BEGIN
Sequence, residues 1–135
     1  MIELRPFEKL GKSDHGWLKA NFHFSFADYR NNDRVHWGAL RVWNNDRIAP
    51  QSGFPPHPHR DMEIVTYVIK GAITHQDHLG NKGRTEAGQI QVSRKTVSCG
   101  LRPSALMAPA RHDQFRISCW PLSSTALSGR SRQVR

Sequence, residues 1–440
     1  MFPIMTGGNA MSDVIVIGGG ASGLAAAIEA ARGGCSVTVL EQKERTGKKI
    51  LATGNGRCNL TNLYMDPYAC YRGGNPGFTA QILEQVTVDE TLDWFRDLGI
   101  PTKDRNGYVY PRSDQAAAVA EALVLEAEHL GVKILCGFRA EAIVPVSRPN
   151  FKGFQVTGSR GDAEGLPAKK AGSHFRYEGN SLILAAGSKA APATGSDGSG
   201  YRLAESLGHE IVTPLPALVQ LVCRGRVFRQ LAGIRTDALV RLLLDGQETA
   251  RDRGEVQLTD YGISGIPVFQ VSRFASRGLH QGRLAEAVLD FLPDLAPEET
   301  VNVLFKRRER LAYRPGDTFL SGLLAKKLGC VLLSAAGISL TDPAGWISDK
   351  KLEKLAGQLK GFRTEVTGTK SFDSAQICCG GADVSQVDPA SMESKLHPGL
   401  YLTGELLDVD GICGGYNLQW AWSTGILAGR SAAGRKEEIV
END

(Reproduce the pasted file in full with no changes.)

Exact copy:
Sequence, residues 1–135
     1  MIELRPFEKL GKSDHGWLKA NFHFSFADYR NNDRVHWGAL RVWNNDRIAP
    51  QSGFPPHPHR DMEIVTYVIK GAITHQDHLG NKGRTEAGQI QVSRKTVSCG
   101  LRPSALMAPA RHDQFRISCW PLSSTALSGR SRQVR

Sequence, residues 1–440
     1  MFPIMTGGNA MSDVIVIGGG ASGLAAAIEA ARGGCSVTVL EQKERTGKKI
    51  LATGNGRCNL TNLYMDPYAC YRGGNPGFTA QILEQVTVDE TLDWFRDLGI
   101  PTKDRNGYVY PRSDQAAAVA EALVLEAEHL GVKILCGFRA EAIVPVSRPN
   151  FKGFQVTGSR GDAEGLPAKK AGSHFRYEGN SLILAAGSKA APATGSDGSG
   201  YRLAESLGHE IVTPLPALVQ LVCRGRVFRQ LAGIRTDALV RLLLDGQETA
   251  RDRGEVQLTD YGISGIPVFQ VSRFASRGLH QGRLAEAVLD FLPDLAPEET
   301  VNVLFKRRER LAYRPGDTFL SGLLAKKLGC VLLSAAGISL TDPAGWISDK
   351  KLEKLAGQLK GFRTEVTGTK SFDSAQICCG GADVSQVDPA SMESKLHPGL
   401  YLTGELLDVD GICGGYNLQW AWSTGILAGR SAAGRKEEIV